Final Fantasy: Distant Worlds -Music from Final Fantasy-
Final Fantasy: Distant Worlds -Music from Final Fantasy-
AWR Records (1st Edition); Square Enix (2nd Edition)
December 4, 2007; January 14, 2009
Buy at CDJapan
In the past, there have been several orchestral concerts to feature music from the Final Fantasy franchise. Distant Worlds: Music from Final Fantasy is the newest addition to the orchestral recordings from these concerts. While none of the tracks on this album are being heard for the first time, the arrangements themselves have been tweaked, and the production quality has been raised up quite a bit. The recording has the same sound quality one would expect from a studio recording in a live performance. For many of the pieces, this higher quality allows for the individual, often animated ornamentation to play through instead of being lost in a miasma of sound. The arrangements themselves are a nice mix of pieces from all of the Final Fantasy titles, excluding Final Fantasy X-2 and Final Fantasy XII. A wide variety of vocal tracks (provided by the choir Allmänna Sången with a few exceptions) are also present, giving nice variation to the flow of the recording.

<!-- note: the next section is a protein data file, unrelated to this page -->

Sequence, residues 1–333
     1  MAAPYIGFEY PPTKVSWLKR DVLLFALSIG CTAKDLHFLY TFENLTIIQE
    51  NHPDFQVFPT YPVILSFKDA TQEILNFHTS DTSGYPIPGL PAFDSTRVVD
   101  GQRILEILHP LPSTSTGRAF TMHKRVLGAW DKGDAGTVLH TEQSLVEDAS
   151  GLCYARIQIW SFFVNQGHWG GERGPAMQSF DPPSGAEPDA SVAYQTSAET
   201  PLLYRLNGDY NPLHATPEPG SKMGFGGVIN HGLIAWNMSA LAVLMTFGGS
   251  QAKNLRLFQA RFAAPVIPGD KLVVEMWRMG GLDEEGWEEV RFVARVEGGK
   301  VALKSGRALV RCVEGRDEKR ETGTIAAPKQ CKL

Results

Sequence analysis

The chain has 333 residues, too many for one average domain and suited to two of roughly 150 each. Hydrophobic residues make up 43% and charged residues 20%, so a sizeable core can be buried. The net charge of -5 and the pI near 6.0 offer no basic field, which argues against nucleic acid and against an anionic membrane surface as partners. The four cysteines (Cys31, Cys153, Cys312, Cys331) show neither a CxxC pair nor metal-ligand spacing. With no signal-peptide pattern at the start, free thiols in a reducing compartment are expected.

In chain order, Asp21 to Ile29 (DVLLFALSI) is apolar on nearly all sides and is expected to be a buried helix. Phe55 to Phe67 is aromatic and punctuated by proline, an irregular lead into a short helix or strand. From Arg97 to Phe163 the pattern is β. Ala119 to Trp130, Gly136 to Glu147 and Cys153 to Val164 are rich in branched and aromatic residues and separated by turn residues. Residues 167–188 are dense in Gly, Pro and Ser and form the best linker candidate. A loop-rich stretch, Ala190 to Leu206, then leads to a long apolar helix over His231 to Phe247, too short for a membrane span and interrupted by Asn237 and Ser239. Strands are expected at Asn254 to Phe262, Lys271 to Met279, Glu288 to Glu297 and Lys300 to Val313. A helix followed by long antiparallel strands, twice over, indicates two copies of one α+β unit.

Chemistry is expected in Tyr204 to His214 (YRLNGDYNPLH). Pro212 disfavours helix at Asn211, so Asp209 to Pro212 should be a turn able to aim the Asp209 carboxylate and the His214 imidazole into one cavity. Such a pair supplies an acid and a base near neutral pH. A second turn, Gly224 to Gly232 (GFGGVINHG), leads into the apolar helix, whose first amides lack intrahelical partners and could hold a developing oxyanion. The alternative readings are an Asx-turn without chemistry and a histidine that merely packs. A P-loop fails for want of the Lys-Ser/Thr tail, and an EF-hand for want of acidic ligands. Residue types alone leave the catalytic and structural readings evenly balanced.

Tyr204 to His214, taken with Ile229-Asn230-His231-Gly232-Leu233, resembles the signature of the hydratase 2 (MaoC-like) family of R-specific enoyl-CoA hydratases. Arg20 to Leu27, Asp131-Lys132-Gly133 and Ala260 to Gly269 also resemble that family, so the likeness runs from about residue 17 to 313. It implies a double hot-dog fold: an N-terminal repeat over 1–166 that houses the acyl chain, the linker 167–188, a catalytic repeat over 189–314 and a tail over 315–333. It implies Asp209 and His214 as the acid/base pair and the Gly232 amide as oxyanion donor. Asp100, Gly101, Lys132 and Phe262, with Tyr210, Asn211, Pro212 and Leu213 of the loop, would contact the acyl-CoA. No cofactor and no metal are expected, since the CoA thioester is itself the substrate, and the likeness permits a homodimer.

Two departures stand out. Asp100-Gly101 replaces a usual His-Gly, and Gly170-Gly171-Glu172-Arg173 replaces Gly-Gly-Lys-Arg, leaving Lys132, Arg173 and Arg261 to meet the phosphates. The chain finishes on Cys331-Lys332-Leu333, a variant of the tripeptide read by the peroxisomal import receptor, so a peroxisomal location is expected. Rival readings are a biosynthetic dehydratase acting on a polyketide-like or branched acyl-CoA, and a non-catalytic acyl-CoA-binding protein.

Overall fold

Something to keep in mind with this review is that I will be looking at the album from a slightly different point of view than my usual reviews. Since most of these themes are widely recognized, I don’t need to go into the details of how the pieces actually sound. Instead, I’ll be looking at how these arrangements compare to their originals, and how they’ve been adapted for the live stage. I will not, however, be comparing this album to previous recordings (i.e. other concerts). Every concert series is different, and therefore each performance of a particular piece can be viewed independently. I’m going to change up the order a bit as well, but we’ll still be looking at each of the pieces on the album. Of course, some pieces will grant more discussion than others. That being said, let’s head into it!